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At a glance

A syndrome of familial pelvic and scapular dysplasia, dwarfism, anomalies of the epiphyses, and dysmorphism.

Synonym

Pelviscapular Dysplasia.

Incidence

First described in a North African boy and his sister, whose parents were healthy first cousins. Less than 10 patients have been reported.

Genetic inheritance

Most likely autosomal recessive inheritance. The disorder may be caused by mutations in the T-BOX 15 gene that has been mapped to chromosome 1p12.

Diagnosis

Based on the clinical findings.

Clinical aspects

These patients may be of normal intelligence or have moderate psychomotor delay. Craniofacial dysmorphism is characterized by macrocephaly, frontal bossing, abnormally shaped skull base with caudal elongation of the occipital bone, low-set, dysplastic and posteriorly angulated ears with stenotic ear canals, short and narrow palpebral fissures, deep set eyes with microphthalmia and microcornea, hypertelorism, strabismus, malar hypoplasia, micrognathia, cleft palate, hypoglossia, redundant nuchal skin-folds, and low-posterior hairline. Skeletal anomalies may include severe congenital dwarfism (rhizomelic micromelia), short neck, bell-shaped chest, hypoplasia or agenesis of the scapular wings, humeroradial synostosis with fixed flexion in the elbows, brachy- and camptodactyly, hypoplasia of the iliac and acetabular wings, short legs secondary to bilateral hip dislocations and moderate shortening of the long bones (femora), absent fibulae, and talipes equinovarus. Other possible anomalies may include impaired hearing, hydronephrosis, ambiguous genitalia, and occasionally syndactyly. A cutaneous cervical diverticulum was described in one patient.

Precautions before anesthesia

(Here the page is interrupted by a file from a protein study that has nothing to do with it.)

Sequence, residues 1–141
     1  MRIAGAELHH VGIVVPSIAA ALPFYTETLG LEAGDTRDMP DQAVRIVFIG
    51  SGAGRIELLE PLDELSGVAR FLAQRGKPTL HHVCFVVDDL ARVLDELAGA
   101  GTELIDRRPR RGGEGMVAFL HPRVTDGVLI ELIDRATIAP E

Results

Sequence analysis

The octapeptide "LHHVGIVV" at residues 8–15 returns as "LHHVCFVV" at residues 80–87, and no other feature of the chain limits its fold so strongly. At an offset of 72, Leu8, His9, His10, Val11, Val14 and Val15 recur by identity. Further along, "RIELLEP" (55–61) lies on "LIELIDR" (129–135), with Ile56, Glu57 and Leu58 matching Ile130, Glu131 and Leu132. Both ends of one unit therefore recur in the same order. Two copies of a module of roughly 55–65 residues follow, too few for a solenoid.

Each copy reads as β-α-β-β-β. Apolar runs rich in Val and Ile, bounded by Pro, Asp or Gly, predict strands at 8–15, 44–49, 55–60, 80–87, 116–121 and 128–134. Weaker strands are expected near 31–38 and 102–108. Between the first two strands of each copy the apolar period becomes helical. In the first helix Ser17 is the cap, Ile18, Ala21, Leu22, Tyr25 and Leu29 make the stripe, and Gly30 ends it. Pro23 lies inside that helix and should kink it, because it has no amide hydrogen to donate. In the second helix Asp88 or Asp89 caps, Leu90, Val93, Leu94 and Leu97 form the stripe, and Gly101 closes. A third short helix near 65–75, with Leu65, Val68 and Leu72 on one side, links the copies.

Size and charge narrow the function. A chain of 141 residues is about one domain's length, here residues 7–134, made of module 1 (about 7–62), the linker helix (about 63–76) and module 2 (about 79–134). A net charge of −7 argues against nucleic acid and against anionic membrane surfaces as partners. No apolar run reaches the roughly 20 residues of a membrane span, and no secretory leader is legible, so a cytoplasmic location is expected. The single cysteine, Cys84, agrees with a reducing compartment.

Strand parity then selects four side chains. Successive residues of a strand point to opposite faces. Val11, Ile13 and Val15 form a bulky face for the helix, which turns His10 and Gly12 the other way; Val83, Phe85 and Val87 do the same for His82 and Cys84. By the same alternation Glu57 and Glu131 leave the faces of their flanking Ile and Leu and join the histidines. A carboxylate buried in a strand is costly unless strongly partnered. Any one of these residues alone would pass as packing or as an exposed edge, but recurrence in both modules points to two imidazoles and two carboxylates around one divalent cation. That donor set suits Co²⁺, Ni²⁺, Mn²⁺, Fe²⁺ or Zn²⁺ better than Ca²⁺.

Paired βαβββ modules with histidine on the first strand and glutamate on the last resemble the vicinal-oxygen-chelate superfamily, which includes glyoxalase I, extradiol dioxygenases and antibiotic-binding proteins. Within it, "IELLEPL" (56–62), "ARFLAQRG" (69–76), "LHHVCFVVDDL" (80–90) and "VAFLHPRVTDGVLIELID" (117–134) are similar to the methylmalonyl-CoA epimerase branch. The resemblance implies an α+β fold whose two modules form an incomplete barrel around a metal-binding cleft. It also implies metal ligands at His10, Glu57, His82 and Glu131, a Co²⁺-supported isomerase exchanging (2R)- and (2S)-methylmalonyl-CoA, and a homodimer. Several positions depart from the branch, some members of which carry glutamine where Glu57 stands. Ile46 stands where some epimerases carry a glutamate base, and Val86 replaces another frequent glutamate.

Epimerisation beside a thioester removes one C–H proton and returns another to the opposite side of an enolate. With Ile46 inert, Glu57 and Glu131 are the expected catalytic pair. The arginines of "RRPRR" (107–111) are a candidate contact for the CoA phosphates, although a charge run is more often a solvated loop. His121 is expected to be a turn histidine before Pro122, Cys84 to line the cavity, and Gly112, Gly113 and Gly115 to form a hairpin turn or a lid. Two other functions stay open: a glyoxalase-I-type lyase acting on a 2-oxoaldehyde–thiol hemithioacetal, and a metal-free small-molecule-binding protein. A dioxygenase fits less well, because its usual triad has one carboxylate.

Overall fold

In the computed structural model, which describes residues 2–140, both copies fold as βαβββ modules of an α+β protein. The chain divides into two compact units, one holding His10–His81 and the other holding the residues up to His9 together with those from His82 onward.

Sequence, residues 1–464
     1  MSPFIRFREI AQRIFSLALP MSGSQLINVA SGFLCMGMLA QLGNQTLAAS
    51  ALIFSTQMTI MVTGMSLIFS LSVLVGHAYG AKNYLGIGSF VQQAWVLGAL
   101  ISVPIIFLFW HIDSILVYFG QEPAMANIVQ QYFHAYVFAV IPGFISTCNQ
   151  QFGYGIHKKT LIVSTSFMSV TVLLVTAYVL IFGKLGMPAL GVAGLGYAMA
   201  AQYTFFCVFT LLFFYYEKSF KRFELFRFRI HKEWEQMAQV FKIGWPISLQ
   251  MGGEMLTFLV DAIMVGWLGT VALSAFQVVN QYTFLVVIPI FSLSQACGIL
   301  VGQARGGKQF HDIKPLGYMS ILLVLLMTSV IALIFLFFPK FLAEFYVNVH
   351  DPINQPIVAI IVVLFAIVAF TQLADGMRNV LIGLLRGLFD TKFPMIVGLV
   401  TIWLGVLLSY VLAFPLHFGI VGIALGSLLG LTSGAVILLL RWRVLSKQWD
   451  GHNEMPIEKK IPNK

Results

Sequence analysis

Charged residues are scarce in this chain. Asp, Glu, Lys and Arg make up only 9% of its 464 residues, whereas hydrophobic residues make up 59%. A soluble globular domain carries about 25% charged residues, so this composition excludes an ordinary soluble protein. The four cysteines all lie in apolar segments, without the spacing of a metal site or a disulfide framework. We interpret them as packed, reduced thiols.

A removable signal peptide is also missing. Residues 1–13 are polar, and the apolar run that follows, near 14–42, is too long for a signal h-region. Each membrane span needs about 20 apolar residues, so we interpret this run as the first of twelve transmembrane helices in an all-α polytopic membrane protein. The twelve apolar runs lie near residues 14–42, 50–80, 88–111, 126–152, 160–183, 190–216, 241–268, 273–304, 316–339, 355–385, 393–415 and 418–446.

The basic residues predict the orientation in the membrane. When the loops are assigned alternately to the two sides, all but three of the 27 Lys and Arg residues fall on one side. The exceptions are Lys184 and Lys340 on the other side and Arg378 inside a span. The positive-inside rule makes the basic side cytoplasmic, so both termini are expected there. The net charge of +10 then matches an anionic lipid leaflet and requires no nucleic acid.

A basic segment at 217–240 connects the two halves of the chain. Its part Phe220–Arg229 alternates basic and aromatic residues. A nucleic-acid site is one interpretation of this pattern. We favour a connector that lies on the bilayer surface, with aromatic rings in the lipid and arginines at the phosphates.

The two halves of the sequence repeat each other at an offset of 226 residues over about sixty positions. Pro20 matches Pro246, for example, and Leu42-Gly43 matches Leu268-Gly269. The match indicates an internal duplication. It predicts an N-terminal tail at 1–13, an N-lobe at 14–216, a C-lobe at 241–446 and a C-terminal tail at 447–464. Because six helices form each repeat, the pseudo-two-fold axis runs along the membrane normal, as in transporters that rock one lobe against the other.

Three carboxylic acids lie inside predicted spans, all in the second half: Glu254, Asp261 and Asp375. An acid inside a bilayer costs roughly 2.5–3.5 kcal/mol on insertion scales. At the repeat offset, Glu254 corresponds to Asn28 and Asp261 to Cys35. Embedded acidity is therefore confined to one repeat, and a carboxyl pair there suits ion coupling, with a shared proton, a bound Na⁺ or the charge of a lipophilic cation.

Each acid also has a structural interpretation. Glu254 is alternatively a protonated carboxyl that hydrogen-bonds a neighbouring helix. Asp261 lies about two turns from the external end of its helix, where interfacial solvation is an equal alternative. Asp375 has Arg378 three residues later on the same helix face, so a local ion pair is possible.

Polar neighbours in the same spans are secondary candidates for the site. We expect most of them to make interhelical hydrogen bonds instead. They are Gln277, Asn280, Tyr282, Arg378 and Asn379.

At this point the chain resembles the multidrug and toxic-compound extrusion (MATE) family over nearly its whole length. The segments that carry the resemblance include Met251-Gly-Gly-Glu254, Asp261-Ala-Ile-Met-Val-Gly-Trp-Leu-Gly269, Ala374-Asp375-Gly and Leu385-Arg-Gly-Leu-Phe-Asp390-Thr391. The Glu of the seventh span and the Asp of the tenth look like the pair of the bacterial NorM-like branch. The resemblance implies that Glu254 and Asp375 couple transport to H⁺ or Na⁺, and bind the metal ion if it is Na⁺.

Assess for signs of difficult airway management including range of motion in the cervical spine. Developmental delay in combination with hearing loss may cause agitation and stress in the perioperative period, thus anxiolytic and sedative premedication and/or presence of a parent (or primary caregiver) for induction of anesthesia may be beneficial.

Anesthetic considerations

Anesthesia in this disorder has not been described. Depending on the degree of dysmorphism, difficult airway management should be expected, thus maintaining spontaneous ventilation is recommended until the airway has been secured. Alternative airway management options should be immediately available (eg, supraglottic airway device, fiberoptic bronchoscope) and adherence to an established difficult airway algorithm is advised. A surgeon familiar with surgical airway management and the necessary equipment should easily be available in the operating room. Alternatively, an awake fiberoptic intubation should be considered. The anesthetic management may have to take increased intracranial pressure (ICP) into consideration and aim at maintaining an appropriate cerebral perfusion pressure while at the same time avoiding further increases in ICP (eg, hypercapnia), and prevent seizures and hyperthermia. Careful intraoperative handling, positioning, and padding are required to avoid joint dislocations, pressure sores, and/or nerve injury. Mental retardation may affect patient cooperation. Sedative and/or anxiolytic premedication and/or the presence of the primary caregiver during induction of anesthesia may be ...

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